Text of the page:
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  • In these years, too, owing to the extension of drainage works, the irrigable area of Egypt was greatly enlarged, so that if perennial cultivation was at all to be increased, it was necessary to increase the volume of the river, and this could only be done by storing up the flood supply.

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  • The first difficulty that presented itself in carrying this out, was that during the months of highest flood the Nile is so charged with alluvial matter that to pond it up then would inevitably lead to a deposit of silt in the reservoir, which would in no great number of years fill it up. It was found, however, that the flood water was comparatively free from deposit by the middle of November, while the river was still so high that, without injuring the irrigation, water might go on being stored up until March.

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  • These, when fully open, are capable of discharging the ordinary maximum Nile flood of 350,000 cub.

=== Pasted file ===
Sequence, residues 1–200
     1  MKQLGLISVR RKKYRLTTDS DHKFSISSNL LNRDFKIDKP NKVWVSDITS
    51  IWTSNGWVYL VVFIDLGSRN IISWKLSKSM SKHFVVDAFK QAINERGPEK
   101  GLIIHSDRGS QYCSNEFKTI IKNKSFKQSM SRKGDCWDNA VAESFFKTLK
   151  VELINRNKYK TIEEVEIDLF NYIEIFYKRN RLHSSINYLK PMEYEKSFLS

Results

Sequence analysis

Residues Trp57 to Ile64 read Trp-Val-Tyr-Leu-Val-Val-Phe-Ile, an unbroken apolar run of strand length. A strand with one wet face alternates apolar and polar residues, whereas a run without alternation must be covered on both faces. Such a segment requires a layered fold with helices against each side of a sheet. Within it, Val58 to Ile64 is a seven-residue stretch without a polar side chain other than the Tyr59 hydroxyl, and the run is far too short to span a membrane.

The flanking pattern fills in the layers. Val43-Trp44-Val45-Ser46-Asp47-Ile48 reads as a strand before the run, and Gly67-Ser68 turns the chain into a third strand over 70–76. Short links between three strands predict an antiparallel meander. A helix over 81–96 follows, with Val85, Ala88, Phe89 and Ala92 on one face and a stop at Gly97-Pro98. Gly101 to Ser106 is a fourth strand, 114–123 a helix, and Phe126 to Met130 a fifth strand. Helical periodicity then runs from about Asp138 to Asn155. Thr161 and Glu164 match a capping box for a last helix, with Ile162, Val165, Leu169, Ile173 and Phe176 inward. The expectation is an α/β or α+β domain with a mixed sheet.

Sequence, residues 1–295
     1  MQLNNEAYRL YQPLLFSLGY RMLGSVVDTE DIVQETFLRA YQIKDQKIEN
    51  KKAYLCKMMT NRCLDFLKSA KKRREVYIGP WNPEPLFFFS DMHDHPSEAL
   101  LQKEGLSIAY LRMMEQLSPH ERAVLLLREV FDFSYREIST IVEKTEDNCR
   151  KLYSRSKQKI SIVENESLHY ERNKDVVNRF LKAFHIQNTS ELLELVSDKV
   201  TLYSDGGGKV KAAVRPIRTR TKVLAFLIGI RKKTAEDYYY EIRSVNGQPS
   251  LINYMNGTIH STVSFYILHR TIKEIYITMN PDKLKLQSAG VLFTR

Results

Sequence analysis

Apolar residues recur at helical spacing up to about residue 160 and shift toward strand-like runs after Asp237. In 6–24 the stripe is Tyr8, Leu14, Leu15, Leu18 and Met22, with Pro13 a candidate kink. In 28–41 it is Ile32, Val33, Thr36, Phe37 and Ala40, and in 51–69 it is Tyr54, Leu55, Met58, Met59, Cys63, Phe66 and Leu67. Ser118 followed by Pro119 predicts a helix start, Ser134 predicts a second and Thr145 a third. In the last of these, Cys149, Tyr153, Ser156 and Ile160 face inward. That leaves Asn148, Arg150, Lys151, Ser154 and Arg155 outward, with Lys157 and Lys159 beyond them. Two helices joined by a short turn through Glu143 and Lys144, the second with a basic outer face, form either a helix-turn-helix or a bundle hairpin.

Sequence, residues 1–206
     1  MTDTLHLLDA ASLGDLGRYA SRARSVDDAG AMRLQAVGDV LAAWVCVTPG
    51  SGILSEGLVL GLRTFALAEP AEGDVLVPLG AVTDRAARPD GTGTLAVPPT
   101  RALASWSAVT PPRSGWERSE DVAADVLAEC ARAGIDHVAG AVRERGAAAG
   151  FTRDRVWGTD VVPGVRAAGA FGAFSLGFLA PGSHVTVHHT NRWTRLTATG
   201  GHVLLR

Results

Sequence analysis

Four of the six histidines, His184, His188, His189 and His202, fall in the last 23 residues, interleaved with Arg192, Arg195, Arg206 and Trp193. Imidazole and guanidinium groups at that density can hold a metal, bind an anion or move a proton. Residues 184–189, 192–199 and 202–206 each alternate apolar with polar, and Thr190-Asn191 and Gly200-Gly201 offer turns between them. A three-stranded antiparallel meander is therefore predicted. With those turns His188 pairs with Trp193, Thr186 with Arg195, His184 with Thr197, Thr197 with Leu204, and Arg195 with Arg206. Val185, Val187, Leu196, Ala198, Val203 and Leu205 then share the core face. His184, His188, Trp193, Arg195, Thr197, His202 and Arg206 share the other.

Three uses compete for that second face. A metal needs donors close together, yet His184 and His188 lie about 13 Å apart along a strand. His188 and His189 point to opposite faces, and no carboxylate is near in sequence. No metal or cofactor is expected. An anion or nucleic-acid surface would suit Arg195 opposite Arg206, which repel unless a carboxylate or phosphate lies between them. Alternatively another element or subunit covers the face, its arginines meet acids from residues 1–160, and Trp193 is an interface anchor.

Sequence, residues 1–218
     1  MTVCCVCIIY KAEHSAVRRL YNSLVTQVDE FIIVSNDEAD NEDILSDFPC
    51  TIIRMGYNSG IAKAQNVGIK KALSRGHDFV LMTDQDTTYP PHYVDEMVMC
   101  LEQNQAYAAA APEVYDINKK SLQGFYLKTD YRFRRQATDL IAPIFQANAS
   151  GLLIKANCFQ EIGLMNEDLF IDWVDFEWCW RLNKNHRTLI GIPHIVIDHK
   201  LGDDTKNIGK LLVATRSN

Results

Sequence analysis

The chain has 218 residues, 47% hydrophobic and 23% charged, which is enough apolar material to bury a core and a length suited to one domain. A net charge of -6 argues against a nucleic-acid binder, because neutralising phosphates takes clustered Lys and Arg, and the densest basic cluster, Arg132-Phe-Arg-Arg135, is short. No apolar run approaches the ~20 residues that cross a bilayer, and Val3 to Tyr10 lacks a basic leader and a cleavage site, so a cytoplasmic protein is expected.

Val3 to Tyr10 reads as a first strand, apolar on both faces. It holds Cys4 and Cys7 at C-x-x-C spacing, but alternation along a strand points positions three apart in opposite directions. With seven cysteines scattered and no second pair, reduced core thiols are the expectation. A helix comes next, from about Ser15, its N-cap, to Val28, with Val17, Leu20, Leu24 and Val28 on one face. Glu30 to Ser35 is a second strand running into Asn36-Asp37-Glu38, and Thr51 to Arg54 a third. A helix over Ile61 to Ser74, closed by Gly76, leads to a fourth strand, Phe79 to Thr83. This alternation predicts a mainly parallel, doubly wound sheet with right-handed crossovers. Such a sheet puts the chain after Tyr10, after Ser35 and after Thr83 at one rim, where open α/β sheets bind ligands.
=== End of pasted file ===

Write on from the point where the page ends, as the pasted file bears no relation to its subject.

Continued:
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  • In May, or earlier when the river is late in rising, when the demand for water increases, first the upper and then the under sluices are gradually opened, so as to increase the river supply, until July, when all the gates are open, to allow of the free passage of the flood.

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  • No assessment can be levied on lands which have not been watered, and the law of Egypt requires that in order to render land liable to taxation the water during the Nile flood must have flowed naturally over it.